Yesterday was Brook’s AGM and young people led evening event. The format of the evening was a short half hour of approving the accounts and other formal procedures followed by several hours of presentations, films and activities led by a group of Brook young volunteers who had spent the past two days planning the evening activities. The volunteers gave a short presentation (or flash mob sex-positive parade?!), showed a short video on participation and then led small group discussions with Brook members, trustees and other invitees. As we all moved around the table carousels the young volunteers talked about the projects that they are involved with and invited their audiences to share their thoughts and ideas.

This was an evening of ‘knowledge exchange’. Knowing this in advance I had prepped film-maker Susi to try and capture this knowledge-exchange-in-action on camera. The plan had been that one of the carousels would be a ‘good sex’ project carousel. To me this seemed like a golden opportunity to do some ‘knowledge exchange’ – that is to tell groups of people with interest and experience in the field about the project, show them the films and get some solid critical feedback. I had expected the evening’s exchange to go: Researcher (me) – audience – researcher, but the evening took several unexpected turns.

AGM photo susi filming

This was a young people led event and the young people decided that they were not going to talk about the ‘good sex’ project but were rather going to include a volunteer from Birmingham in their group and talk about young people’s involvement in recruitment. Instead, two of the good sex project volunteers and I were going to talk about the project to the whole room and finish the evening by showing the ‘good sex’ film. When the time came to do the presentation however I had disappeared to interview a Brook member, couldn’t be found and the film was introduced and shown by Brook staff. For me, instead of having a researcher-to-audience flow of knowledge, it flooded the other way as Susi and I were able to interview Brook members, trustees and young volunteers.

For me, the interviews with the three Brook members were especially moving and inspiring. We heard from Dilys Cossey who campaigned for abortion law reform and sexual health services for ‘unmarried’ women and who helped set up Brook nearly 50 years ago. Her account of the role of women’s movements in developing the sexual health services and legal rights that women have today left Susi and I feeling quietly humble and very grateful to all those women who have enabled us to live the lives we live today.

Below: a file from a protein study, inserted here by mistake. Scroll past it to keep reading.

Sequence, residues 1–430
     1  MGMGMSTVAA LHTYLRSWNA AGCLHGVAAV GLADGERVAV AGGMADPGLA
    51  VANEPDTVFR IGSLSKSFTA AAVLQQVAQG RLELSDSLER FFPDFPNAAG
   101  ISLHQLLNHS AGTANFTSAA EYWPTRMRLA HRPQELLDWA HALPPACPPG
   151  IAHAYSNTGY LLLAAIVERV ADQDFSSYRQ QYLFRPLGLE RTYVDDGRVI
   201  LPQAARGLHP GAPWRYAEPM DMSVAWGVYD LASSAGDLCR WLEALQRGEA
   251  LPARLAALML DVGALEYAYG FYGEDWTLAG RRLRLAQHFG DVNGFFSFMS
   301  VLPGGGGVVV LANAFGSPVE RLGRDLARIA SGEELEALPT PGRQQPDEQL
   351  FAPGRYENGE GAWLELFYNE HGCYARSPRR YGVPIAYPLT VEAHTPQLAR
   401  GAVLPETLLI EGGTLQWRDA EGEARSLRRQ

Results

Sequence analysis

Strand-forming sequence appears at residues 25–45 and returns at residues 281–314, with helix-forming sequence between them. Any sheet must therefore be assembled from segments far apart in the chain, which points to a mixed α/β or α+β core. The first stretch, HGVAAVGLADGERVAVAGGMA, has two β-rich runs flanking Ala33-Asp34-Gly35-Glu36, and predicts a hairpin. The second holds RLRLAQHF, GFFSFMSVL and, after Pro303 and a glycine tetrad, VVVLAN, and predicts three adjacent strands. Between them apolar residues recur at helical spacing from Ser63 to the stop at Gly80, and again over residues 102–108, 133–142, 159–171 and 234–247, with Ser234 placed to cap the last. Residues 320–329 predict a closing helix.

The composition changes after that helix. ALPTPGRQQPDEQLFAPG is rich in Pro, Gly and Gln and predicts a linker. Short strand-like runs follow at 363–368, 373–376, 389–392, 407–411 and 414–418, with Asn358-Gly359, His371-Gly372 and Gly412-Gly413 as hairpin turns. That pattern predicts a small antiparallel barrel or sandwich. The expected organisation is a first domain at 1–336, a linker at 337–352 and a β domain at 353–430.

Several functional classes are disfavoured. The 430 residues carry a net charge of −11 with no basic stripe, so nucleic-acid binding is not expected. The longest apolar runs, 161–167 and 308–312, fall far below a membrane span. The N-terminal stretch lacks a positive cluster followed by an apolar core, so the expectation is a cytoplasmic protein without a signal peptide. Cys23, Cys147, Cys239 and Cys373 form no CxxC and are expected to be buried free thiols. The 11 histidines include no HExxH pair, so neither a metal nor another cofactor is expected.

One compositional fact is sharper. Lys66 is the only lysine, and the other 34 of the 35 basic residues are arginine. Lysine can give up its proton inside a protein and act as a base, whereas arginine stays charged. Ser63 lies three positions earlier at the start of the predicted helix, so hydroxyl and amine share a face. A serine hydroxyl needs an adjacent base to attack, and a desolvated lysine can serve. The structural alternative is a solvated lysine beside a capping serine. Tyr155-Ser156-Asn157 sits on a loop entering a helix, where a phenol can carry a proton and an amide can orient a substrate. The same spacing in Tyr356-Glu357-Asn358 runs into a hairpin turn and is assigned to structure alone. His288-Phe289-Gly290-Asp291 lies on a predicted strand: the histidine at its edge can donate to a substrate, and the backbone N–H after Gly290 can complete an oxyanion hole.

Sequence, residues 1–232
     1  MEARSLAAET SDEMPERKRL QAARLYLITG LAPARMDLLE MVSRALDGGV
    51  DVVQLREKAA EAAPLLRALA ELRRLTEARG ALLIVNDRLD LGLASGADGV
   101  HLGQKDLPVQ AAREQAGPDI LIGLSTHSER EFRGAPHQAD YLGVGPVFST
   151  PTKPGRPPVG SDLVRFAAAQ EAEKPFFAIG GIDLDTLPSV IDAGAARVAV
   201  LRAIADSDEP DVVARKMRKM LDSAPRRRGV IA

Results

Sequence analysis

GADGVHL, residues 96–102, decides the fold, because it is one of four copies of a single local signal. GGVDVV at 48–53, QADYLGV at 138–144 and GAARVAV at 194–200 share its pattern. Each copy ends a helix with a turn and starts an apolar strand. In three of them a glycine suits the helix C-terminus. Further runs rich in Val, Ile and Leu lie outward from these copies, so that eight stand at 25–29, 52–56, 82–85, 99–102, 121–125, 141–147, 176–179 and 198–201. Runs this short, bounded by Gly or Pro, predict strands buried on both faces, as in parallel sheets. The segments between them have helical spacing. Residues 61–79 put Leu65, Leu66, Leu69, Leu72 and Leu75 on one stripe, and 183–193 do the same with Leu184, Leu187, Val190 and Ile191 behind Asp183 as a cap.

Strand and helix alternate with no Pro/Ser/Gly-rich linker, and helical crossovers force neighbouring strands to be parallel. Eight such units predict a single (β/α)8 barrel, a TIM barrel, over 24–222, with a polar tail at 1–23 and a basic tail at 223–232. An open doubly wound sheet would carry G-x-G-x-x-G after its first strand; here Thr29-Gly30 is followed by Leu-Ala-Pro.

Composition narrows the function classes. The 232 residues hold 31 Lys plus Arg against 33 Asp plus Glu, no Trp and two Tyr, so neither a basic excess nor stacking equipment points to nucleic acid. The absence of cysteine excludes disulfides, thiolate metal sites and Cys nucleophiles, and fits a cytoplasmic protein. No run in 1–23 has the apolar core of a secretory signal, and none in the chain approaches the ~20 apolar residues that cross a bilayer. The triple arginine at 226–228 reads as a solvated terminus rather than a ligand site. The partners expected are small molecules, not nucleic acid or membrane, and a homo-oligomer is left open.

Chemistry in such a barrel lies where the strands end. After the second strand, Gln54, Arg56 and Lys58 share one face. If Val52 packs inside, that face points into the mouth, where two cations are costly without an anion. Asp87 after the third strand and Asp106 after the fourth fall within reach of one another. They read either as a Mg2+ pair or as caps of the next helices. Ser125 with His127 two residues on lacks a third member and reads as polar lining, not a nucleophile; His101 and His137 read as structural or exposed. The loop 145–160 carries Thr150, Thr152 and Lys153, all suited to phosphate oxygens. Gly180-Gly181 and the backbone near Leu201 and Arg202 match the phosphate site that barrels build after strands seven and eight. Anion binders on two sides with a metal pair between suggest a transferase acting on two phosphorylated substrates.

We also heard from Martin Goffe who talked about his work at a South London boys school in the 1970s and about how he created and ran an ‘integrated humanities’ GCSE that included sessions on sex, relationships and sexual health and trips to the local Brook clinic on the Walworth road. This was pre-national curriculum days when teachers had more freedom and flexibility to develop this kind of work, which Martin told us, included talking to the young men about pleasure; premature ejaculation, how to pleasure your female partners, how to know if your partners is enjoying sex or not. Much has changed Martin reflected, talking about his current work as a school governor and his efforts to squeeze SRE into a tight PSHE curriculum and support and encourage school teachers to deliver this work to young people.

I could have gone on asking questions for hours – drinking up the knowledge that members such as Dilys and Martin have built up over decades of activism, hard work and campaigning. This was just what our funders had ordered: an event where ‘social scientists and individuals or organisations share learning, ideas and experiences’. Luckily Susi was there to capture it on camera. Now comes the longer, slower processes of editing the footage that Susi captured and working out how to make these interviews public to continue the sharing and exchange of knowledge, experience and ideas.

AGM photo cards